California Government Newsom signs bill banning ‘stealing’ – removing condom without consent during sex

California Gavin Newsom on Thursday signed a bill that makes it explicitly illegal to remove a condom during sex without consent.

The state is the first to do so by expanding the civilian definition of sexual battery and allowing victims to sue for criminal damages.

“I’ve been working on the issue of ‘stealing’ since 2017, and I’m glad there’s now some responsibility for those who commit the act,” said Democratic Assemblywoman Cristina Garcia, who wrote the bill according to the Sacramento Bee. “This law is the first of its kind in the nation, but I urge other states to follow in the direction of California and make it clear that stealing is not just immoral, but illegal.”

Garcia started working on the bill in 2017.

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That same year, a Yale University study found that acts of “stealing,” as it is commonly called, were on the rise toward both women and gay men.

The Erotic Service Providers Legal Educational Research Project, which supported the bill, said the law would help protect sex workers by allowing them to sue clients who remove condoms.

Stealing can expose victims to sexually transmitted diseases or unwanted pregnancy.

California Gavin Newsom on Thursday signed a bill that makes it explicitly illegal to remove a condom during sex without consent.

California Gavin Newsom on Thursday signed a bill that makes it explicitly illegal to remove a condom during sex without consent.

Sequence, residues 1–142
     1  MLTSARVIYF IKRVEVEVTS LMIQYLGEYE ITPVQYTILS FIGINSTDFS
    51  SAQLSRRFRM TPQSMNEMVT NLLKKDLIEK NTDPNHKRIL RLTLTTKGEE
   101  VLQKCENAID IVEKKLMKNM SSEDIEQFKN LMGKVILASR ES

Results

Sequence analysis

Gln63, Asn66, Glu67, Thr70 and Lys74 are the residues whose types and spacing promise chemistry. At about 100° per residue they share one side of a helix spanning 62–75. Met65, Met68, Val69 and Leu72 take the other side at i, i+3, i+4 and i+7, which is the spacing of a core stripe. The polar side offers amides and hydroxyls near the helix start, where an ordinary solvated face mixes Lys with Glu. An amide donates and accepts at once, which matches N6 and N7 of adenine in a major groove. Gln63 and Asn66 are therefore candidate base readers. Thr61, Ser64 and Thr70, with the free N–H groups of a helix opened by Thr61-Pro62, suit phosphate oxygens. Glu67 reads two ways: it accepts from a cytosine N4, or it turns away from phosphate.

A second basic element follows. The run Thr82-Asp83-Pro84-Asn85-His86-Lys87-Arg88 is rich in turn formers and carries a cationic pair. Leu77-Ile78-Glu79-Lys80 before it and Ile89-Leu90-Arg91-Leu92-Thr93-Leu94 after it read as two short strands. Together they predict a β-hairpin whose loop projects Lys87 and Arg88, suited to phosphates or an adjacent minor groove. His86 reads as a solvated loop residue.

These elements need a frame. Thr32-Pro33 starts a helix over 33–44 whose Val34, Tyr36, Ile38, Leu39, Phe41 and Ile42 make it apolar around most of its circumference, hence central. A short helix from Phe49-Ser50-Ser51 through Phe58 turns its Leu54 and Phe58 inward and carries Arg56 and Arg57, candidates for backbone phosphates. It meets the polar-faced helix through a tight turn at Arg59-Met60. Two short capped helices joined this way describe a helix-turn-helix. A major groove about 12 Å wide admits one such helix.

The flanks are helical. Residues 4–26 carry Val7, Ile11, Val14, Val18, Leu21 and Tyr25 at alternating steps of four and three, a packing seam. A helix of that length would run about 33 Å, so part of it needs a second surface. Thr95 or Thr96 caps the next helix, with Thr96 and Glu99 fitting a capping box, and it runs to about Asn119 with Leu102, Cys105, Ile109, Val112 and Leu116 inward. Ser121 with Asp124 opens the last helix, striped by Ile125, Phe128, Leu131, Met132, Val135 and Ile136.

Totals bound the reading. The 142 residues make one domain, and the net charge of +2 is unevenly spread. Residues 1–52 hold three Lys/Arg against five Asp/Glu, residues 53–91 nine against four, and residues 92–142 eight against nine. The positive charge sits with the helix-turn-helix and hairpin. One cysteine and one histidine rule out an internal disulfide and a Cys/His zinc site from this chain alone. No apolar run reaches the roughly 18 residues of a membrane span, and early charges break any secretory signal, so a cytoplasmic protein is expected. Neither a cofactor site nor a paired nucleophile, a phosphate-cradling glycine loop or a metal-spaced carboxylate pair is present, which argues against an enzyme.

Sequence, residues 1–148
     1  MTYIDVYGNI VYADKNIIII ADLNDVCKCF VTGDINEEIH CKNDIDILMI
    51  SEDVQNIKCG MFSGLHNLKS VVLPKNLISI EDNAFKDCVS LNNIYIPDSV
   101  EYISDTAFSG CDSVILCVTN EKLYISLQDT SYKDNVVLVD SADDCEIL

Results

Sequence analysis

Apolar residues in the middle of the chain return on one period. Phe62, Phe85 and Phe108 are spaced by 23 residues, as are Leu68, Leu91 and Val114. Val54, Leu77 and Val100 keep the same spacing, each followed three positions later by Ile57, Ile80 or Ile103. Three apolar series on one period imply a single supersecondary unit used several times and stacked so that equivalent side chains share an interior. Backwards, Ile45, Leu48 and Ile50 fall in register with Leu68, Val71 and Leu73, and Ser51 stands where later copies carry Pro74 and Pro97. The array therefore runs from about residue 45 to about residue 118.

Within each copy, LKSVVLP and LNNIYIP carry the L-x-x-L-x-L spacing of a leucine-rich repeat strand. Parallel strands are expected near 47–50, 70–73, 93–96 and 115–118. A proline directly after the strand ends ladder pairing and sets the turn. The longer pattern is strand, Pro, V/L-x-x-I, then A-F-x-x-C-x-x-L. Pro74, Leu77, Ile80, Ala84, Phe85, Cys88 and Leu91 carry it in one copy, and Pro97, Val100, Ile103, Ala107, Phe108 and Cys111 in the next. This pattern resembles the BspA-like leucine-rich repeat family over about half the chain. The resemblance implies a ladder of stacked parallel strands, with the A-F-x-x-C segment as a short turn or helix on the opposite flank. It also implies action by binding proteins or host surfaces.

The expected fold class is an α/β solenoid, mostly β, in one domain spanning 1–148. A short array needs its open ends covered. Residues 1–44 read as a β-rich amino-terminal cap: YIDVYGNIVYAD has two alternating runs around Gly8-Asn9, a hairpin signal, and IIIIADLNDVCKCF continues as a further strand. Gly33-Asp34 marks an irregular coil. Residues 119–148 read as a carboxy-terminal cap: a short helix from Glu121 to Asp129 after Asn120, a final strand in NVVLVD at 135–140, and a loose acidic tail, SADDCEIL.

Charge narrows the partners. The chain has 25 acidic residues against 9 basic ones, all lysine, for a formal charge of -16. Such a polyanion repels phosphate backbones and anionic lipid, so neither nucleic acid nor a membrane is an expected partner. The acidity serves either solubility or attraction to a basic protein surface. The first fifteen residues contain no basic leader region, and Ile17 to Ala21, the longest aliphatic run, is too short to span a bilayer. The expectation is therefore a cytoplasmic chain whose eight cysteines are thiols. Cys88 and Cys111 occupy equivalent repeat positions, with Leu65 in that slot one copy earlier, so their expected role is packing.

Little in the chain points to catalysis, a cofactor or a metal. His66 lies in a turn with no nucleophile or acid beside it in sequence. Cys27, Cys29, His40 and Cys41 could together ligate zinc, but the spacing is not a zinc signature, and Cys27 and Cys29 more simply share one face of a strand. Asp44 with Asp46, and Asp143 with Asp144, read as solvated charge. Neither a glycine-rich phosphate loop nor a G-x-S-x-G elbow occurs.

(Associated Press)

The bipartisan bill was approved with zero ‘no’ votes, according to Bien.

Stealthing was rarely prosecuted under the previous law – although legislative experts said it could be considered a sexual battery offense – because it is difficult to prove that the condom was not accidentally removed.

Newsom also signed another bill written by Garcia that ends the legal distinction between spouse and other forms of rape.

“Rape is rape,” Garcia said. “And a marriage license is not an excuse to commit one of society’s most violent and sadistic crimes.”

There is no difference in the maximum penalties, but those convicted of spousal rape at the moment may be eligible for probation instead of jail or jail. They should only register as sex offenders under applicable law if the act involved the use of force or violence and the spouse was sentenced to state prison.

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On Wednesday, the governor also extended the statute of limitations for civil claims against law enforcement officers who sexually assaulted someone while on guard, in uniform or while armed.

The Associated Press contributed to this report.

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